Sondland did defend the president, though, saying that, at one point, Mr. Trump repeatedly told him no quid pro quo, meaning aid wasn't a bargaining chip for the investigations.

    At the White House, Mulvaney tackled that testimony as well, insisting neither Giuliani's role nor any political influence on U.S. policy was impeachable.

  • Mick Mulvaney:

    I have news for everybody. Get over it. There's going be political influence in foreign policy.

  • Lisa Desjardins:

    In Texas, President Trump spoke on other topics, but didn't address impeachment.

  • Judy Woodruff:

    And Lisa is here with me, along with our White House correspondent, Yamiche Alcindor.

    So, hello to both of you.

    Lisa, let's talk first about the European Union ambassador, the U.S. ambassador to the E.U., Gordon Sondland.

    He's a central figure in all of this. What do we know about how he fits in to this big picture?

  • Lisa Desjardins:

    Well, it's interesting.

    Today, he both became more important and less. Less important because he told people that — he told investigators that he wasn't actually on the call, but more important because he establishes relationships.

    And that's what I want to talk about here and kind of get to why Democrats are looking at him so hard.

    First, let's take a look at Mr. Sondland. As people know, he is, as you say, the ambassador to the E.U., and he also was a donor to President Trump's inaugural.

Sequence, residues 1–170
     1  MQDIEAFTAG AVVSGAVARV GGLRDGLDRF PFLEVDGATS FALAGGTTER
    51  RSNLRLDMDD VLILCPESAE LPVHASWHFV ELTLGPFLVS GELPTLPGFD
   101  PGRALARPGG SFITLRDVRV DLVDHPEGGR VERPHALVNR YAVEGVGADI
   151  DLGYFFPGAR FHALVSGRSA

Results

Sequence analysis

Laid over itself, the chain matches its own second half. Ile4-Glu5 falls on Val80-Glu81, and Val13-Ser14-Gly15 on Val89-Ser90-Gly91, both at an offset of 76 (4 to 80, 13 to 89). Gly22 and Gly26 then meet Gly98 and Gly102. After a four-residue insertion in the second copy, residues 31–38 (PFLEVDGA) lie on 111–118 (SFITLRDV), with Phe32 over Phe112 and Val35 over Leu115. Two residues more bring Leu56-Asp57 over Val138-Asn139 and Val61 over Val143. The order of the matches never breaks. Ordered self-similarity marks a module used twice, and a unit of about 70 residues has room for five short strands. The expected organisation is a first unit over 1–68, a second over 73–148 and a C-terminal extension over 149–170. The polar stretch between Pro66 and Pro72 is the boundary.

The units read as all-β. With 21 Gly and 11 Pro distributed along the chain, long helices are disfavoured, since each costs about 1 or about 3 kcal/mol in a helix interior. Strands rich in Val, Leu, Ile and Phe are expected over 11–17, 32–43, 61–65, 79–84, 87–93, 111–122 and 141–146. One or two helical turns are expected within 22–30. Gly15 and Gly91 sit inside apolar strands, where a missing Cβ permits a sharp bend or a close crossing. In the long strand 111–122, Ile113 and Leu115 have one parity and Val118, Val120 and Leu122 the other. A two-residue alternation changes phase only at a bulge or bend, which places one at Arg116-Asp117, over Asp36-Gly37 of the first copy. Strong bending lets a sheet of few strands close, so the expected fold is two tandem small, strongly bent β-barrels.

Here's what we learned today. He said that President Trump himself directed Sondland to talk to Rudy Giuliani and then Giuliani in conversations with Sondland, if you look at Rudy Giuliani, the president's personal attorney, he pushed for that investigation into the 2016 DNC hack, as well as Burisma, Burisma being the energy company where who worked? Hunter Biden, Joe Biden's son.

    So right there is an important establishment of relationships, because more and more I had heard from Republicans that they had thought Rudy Giuliani went rogue, Rudy Giuliani was doing something the president was aware of — wasn't aware of.

    What Gordon Sondland seemed to establish today was that the president directed him to talk to Giuliani. The president was putting trust in Giuliani to take care of his concerns.

  • Judy Woodruff:

    So let's pick up on that, Yamiche.

    What are you learning about what Ambassador Sondland had to say today? And how does this fit in to what the president's been saying and the people around the president?

  • Yamiche Alcindor:

    Ambassador Sondland said some things that were both problematic for President Trump, without breaking with him completely.

    So, he said that he was disappointed in President Trump's decision-making as it relates to issues of Ukraine. He also said that he was disappointed in the fact he involved his personal attorney, Rudy Giuliani, in issues dueling with Ukraine.

    That being said, he says that I didn't know, at least at the beginning, that Rudy Giuliani wanted to investigate Joe Biden and Hunter Biden.